Netflix has concocted a horror event for summer 2021, bringing us a trilogy of new horror movies, all interconnected, all rated 18, all set to be released this July, and all hopefully not as forgettable as this first entry is.
'Fear Street Park 1: 1994' is set in the city of Shadyside, where we encounter a group of teens who discover that the brutal murders which have been occurring in their town for centuries may all be connected. It's up to Deena (Kiana Madeira), her ex-girlfriend Sam (Olivia Scott Welch), her brother Josh (Benjamin Flores Jr.), and her two friends Simon (Fred Hechinger) and Kate (Julia Rehwald) to solve the mystery - all while escaping the clutches of the sinister killers who are on the loose.
Based on the 'Fear Street' book franchise by R. L. Stine, who also happens to be the creator of 'Goosebumps', this is a series of books most children or teenagers would have grown up reading during the '90s and '00s. If not one, then chances are you read the other. All three entries in the trilogy have been adapted for Netflix by director Leigh Janiak ('Scream: The TV Series'), and this first part is a horror movie that doesn't pull off its attempt at good old-fashioned horror.
One gets the feeling that since the people who would have read these stories are now adults, this is the avenue the movie attempts to go in. However, given that our main protagonists are teenagers, and very much look so, it feels rather stunted and unable to shake off the child-like nature of it all. The dialogue is cheesy and cliché ("I'll kill you" is said numerous times) and the killer is just a skeletal version of Ghostface from the 'Scream' franchise. Don't be fooled by that 18s certificate, as it's only there due to how bloody it all gets.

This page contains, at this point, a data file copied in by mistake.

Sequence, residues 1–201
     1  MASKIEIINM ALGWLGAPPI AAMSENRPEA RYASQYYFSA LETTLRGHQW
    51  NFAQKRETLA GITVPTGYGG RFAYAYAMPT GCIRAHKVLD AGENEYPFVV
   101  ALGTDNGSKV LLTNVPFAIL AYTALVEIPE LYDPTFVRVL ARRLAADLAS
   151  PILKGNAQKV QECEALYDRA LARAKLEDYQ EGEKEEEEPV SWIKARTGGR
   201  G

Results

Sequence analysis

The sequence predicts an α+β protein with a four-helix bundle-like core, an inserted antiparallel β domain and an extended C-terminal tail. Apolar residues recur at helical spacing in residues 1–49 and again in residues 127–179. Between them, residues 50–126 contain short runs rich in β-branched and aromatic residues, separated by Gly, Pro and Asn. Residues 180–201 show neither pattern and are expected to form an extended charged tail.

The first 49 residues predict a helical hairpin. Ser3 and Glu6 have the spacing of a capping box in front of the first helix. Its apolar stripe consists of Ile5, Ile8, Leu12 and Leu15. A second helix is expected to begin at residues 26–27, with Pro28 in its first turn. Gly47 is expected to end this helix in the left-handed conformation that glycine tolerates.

Even though there are mass murderers running about the town, there's no real feeling of danger for these teens. In typical horror b-movie style, everyone else is expendable except for our frantic five. It's not until the climax towards the end is there a moment where one feels the horror build up to a crescendo - and to be fair, it delivers a damn fine climax. The opening sequence with 'Stranger Things' star Maya Hawke is another moment worth mentioning - but everything else in between the beginning and the end is rather forgettable.
'Fear Street Part 1: 1994' isn't a particularly bad horror movie - slasher fans should get a kick out of it - but it just underwhelms with its attempt. It leans heavily on '90s movies as inspiration (lots of phones ringing and doorbells going off), which might have worked back then, but horror has come on leaps and bounds since then. There are no jump-scares to be found, and when you watch a horror, you want to be scared - a basic aspect which this does not deliver.
Given that this is 'Part 1' of the trilogy being released by Netflix this July, here's hoping the following two sequels can deliver a more compelling experience.
'Fear Street Part 1: 1994' hits Netflix this Friday, July 2. Watch out for 'Part 2' and 'Part 3' which arrive on Netflix on July 7 and July 16.